Tech & Work

Anatomy of a layoff

When you've been laid off, there is a tendency to hold it against the person who had to deliver the news. Here's the layoff experience from the perspective of the line manager.

When you've been laid off, there is a tendency to hold it against the person who had to deliver the news. Here's the layoff experience from the perspective of the line manager.

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Those of us who have experienced a layoff freely acknowledge that it takes an emotional and financial toll. Layoffs are almost always financially motivated, yet they can feel very personal. There is also a tendency on the one who is laid off to be angry at the person who has to deliver the news.

Although it's not what most people want to hear, the layoff process is also difficult for the manager who has to deliver the news. Not only is the process itself not pleasant, but most line managers don't have much input into the process or even the people selected for layoff. Here's the content of an e-mail I received from a TechRepublic member describing a layoff in his company:

My current employer is trying to make the task of deciding who to layoff as objective as possible. The process first started with an examination of all the contractors at the company. Legally and morally it is easier to end a contractor's employment, but not every contractor was let go, it depended on their role and the impact on the business.Once it was determined that cuts to contractors were not enough, senior management and HR provided a spreadsheet with catagories to rate all employees in catagories such as time with the company, reliability and performance. The catagories were scored with a 1-10 ranking and a total score created for each employee.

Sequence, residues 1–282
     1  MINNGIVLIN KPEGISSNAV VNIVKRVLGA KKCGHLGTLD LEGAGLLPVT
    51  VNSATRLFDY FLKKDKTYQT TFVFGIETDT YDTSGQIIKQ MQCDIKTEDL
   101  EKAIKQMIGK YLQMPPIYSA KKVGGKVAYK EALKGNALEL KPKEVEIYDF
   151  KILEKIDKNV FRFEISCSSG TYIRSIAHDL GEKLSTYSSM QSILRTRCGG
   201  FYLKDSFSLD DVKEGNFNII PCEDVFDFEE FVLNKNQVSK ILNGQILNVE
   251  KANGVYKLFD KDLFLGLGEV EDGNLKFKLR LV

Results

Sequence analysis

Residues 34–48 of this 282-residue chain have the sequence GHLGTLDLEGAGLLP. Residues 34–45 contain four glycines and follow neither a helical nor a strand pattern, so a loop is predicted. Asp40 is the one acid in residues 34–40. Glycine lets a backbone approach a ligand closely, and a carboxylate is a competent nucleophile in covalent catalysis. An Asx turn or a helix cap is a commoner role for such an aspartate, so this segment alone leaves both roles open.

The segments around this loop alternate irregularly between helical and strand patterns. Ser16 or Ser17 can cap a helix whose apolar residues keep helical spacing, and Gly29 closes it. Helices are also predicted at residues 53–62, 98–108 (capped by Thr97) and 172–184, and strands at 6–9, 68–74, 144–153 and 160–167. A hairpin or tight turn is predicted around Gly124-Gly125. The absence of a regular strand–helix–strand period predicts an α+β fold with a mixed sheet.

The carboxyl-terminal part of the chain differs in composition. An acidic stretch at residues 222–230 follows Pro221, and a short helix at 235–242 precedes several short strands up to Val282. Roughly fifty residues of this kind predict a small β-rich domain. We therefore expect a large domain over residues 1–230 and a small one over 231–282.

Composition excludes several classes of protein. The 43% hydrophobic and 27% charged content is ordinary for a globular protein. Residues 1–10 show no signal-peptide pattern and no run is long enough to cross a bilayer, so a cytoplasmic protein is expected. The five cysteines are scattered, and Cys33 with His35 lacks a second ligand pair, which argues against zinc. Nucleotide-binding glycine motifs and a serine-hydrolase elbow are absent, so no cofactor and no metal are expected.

Having a rational framework attempts to take the personal side out of the equation. There are always interpersonal issues between managers and employees, but for the most part they should be ignored in a rational process. Better to look at programs and the people who work on them, and determine what programs are mandatory, and what can be cut, and then look at the staffing of those programs.

My choices have been made, and I have to layoff one employee from my group. I am unhappy to do it, but I really don't have a choice in the matter. The layoff will happen in January and until then I have to keep quiet. Of course it will make things slightly easier for the employee to have it happen in January as opposed to now, but it also means burns away at me until then.

I've had the experience of being laid off myself, and although it wasn't easy, at the time I was pretty much in shock and my supervisor was clearly distressed. Now I better understand what they went through as I face my own difficult choices.

I would like to hear from other managers about how much of a role they had in staff layoffs and how they handled it.

About

Toni Bowers is Managing Editor of TechRepublic and is the award-winning blogger of the Career Management blog. She has edited newsletters, books, and web sites pertaining to software, IT career, and IT management issues.

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